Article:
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WIDE WEB AIR LEAKAGE CONTROL DEVICE FOR DIRECT RECORDING OF MAGNETIC IMAGES

IP.com Disclosure Number: IPCOM000025150D
Original Publication Date: 1983-Oct-31
Included in the Prior Art Database: 2004-Apr-04
Document File: 2 page(s) / 81K

Publishing Venue

Xerox Disclosure Journal

Abstract

In a non-contact magnetic recording device 10, as shown in Figures 1 and 2, using a hydrodynamic air bearing to control the record head to recording tape spacing, a rotating disk 22, 2 inches wide or less, is centered between two larger stationary cylinders 12 and 14. Hydrostatic air bearings support the stationary cylinders on the rotating shaft 16 on which the disk is attached and is rotated thereby. Hydrostatic air bearings also support a recording tape 28 which surround a large portion of the cylinders and rotating disk surfaces. The rotating disk houses the record head (not shown) and provides a hydrodynamic air bearing to support that portion of the recording tape 28 that is above and around the disk 22. The thinner the disk, the smaller the air bearing spacing. An appropriate disk thickness and tape tension is chosen to obtain the desired spacing. A major concern is edge leakage spoiling the air bearing and making it unreliable when the rotatine, disk comes near the edge of the recording tape.

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XEROX DISCLOSURE JOURNAL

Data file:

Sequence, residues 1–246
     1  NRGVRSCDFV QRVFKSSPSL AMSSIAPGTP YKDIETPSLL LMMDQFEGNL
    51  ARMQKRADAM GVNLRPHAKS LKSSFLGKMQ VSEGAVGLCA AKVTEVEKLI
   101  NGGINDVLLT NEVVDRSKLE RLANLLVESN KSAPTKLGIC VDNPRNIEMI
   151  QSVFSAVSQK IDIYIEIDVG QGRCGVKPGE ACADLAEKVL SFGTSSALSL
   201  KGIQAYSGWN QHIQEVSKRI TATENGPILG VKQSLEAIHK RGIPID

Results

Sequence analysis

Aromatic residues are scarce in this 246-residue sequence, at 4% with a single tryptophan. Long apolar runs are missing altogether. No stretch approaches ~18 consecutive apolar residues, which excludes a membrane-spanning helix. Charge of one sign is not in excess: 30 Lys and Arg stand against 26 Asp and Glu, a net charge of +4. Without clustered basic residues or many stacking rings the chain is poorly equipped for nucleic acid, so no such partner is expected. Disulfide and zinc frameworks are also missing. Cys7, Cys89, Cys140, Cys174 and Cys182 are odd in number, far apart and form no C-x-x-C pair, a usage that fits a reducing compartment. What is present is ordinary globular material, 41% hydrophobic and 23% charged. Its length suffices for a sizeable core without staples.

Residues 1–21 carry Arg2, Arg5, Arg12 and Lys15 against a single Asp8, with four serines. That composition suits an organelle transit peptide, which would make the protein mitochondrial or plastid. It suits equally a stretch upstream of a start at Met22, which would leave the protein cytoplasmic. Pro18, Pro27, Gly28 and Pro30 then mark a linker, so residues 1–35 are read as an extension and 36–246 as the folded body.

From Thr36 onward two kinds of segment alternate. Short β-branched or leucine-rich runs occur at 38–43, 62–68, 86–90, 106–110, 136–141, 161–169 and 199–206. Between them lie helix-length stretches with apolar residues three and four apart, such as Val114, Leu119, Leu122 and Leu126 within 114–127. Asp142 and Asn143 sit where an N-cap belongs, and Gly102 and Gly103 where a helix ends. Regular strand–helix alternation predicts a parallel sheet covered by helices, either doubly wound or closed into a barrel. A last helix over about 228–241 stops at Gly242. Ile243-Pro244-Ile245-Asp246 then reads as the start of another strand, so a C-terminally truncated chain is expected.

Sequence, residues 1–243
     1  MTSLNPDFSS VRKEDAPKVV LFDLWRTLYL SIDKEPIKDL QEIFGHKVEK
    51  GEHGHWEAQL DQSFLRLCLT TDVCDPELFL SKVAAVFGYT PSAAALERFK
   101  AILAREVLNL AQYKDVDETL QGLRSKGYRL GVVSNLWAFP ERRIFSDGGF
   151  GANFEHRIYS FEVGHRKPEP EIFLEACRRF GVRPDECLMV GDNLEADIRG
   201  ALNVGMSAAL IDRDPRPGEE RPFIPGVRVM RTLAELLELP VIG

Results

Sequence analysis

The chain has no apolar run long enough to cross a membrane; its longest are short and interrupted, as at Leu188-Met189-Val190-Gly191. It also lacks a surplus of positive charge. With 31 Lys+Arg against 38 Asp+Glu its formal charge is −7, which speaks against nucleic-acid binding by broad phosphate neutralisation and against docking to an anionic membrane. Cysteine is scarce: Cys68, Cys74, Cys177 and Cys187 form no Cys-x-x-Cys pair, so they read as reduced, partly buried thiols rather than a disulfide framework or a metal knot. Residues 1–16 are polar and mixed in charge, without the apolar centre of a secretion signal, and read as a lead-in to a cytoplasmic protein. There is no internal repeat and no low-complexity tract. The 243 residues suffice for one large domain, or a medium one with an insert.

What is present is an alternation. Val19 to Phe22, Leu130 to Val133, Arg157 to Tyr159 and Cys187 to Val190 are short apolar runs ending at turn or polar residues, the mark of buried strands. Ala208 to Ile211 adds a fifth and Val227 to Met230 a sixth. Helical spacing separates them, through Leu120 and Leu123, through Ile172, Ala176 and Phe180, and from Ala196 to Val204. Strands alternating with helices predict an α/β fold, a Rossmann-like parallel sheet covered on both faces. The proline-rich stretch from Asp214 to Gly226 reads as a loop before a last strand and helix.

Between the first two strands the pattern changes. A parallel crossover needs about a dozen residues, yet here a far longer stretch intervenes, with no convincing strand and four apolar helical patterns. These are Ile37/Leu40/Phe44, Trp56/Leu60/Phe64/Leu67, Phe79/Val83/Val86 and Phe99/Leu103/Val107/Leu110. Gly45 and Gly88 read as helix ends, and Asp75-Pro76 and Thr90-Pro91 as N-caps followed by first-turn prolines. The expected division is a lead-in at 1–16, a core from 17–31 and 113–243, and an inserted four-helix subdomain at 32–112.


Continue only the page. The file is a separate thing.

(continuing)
WIDE WEB AIR LEAKAGE CONTROL DEVICE FOR DIRECT RECORDING OF MAGNETIC IMAGES
Daniel F. Blossey

Proposed Classification
U.S. Class 360/55 Int. Cl. Gllb 5/02

J"

FIG. 2

443

Volume 8 Number 5 September/October 1983

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WIDE WEB AIR LEAKAGE CONTROL DEVICE FOR DIRECT RECORDING OF MAGNETIC IMAGES (Cont'd)

In a non-contact magnetic recording device 10, as shown in Figures 1 and 2, using a hydrodynamic air bearing to control the record head to recording tape spacing, a rotating disk 22, 2 inches wide or less, is centered between two larger stationary cylinders 12 and 14. Hydrostatic air bearings support the stationary cylinders on the rotating shaft 16 on which the disk is attached and is rotated thereby. Hydrostatic air bearings also support a recording tape 28 which surround a large portion of the cylinders and rotating disk surfaces. The rotating disk houses the record head (not shown) and provides a hydrodynamic air bearing to support that portion of the recording tape 28 that is above and around the disk 22. The thinner the disk, the smaller the air bearing spacing. An appropriate disk thickness and tape tension is chosen to obtain the desired spacing. A major concern is edge leakage spoiling the air bearing and making it unreliable when the rotatine, disk comes near the edge of the recording tape.

For practical design reasons, it is desirable to have a recording tape no wider tha...